On the seabed off the coast of central California, there is a vast field of mysterious pockmarks. The field extends over approximately 1,300 square kilometers and there are approximately 5,200 of these strange pits, which measure about 175 meters on average and 5 meters deep.
No one knows how these mysterious holes appeared, but they probably first appeared 400,000 years ago, according to research presented at the December 9th Annual Meeting of the American Geophysical Union (AGU) by Charles Paul, Marine Geologist and Senior Scientist at the Institute for Underwater Research. Monterey Bay (MBARI).
When Paul's team sent underwater robots into the depths of the ocean to map the location of these mysterious holes, they made an unexpected discovery. On the seabed, around the large circular holes, thousands of much smaller holes, or microdepressions, were scattered about only 11 m wide and 1 m deep. Microdepressions have outnumbered holes by about three times, which means that the hole field contains about 15,000 of these small objects that have not been previously detected.
Until about three years ago, this part of the seabed near Big Sur was a "research backwater" with very little data showing what it looked like, Poll said. But marine researchers began to explore the region more thoroughly after the area was considered for the construction of an offshore wind farm.
The unusual dimples were first mapped by scientists from the National Oceanic and Atmospheric Administration (NOAA), MBARI and other agencies using sonar, but MBARI's autonomous underwater vehicles (AUV) diving robots were required to study them at high resolution.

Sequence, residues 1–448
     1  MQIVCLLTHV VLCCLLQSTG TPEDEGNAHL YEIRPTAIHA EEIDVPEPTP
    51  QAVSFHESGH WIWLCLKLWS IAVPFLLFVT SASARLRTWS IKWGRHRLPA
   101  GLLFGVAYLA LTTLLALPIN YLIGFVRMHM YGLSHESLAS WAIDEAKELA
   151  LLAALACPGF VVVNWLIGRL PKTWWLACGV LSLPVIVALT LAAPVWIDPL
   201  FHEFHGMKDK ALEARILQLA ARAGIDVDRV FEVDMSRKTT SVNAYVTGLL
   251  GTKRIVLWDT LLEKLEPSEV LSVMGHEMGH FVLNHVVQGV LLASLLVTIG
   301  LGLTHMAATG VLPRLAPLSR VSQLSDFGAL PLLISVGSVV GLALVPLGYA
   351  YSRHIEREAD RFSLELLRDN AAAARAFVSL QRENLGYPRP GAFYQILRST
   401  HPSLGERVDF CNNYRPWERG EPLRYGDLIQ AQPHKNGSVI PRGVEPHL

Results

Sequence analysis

A modern NOAA instrument can obtain a resolution of about 10 meters. A diving robot can do this 10 times better, reaching 1 meter resolution.
At this high resolution, the indentations were smooth and perfectly round. The exceptional detailing of these new images also revealed microdepressions for the first time. They had steeper sides than large pits and had "tails" that extended in one direction.
"From what we know about the rate of deposition in this area, which comes with C-14 [carbon-14] dating, this indicates that the layers deposited at this level were deposited 400,000 years ago, which suggests that these features have been preserved over time, "said Poll. Moreover, the larger pockmarks have not changed for over 50,000 years.
The usual explanation for such seabed pits is that they are formed by flows of underground fluids or methane gases; this could create unstable seabed conditions that would be unsuitable for a wind farm.
But scientists have not seen any visual signs of methane release in the pits. And when they removed the sedimentary cores from the internal pockmarks and microdepressions and analyzed the chemistry of the water, they found no chemical trace indicating the presence of methane.
“Both the pockmarks and the microdepressions that we found do not indicate that there is a methane release. Thus, the general hypothesis of their formation in this area has not been confirmed, and more research will be required to determine what formed these pits and potholes, Paul said.
In the meantime, the riddle remains unsolved.